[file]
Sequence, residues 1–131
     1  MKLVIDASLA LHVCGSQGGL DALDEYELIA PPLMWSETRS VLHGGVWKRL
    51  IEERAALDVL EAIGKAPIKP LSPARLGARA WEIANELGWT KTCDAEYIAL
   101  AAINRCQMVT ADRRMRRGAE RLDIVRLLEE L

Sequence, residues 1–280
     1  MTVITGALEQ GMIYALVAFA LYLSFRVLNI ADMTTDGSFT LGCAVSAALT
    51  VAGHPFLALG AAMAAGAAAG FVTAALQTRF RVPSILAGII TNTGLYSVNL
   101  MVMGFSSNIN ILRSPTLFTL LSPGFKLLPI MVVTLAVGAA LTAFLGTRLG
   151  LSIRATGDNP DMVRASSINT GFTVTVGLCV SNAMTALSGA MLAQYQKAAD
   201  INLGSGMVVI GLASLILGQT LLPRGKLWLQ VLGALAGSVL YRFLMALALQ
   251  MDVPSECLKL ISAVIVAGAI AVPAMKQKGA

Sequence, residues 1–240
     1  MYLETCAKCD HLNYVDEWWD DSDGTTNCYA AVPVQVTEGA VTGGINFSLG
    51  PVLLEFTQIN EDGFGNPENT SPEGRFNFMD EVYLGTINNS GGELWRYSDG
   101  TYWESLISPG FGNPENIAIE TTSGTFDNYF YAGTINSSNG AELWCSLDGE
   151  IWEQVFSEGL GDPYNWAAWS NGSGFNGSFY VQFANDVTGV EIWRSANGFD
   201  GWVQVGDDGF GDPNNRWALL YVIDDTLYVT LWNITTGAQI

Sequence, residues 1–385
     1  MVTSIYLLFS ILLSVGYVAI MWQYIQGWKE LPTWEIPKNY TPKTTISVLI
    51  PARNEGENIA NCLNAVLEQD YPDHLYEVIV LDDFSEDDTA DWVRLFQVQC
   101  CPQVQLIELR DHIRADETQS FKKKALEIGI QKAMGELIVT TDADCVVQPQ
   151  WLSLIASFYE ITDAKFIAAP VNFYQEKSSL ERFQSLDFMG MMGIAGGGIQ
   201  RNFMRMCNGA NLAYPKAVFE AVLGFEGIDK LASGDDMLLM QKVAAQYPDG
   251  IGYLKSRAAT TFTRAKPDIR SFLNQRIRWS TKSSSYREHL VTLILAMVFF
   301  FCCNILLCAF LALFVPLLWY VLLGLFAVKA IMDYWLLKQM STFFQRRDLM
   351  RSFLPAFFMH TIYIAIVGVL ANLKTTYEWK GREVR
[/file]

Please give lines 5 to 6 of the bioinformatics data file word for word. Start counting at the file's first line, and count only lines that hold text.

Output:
Sequence, residues 1–280
     1  MTVITGALEQ GMIYALVAFA LYLSFRVLNI ADMTTDGSFT LGCAVSAALT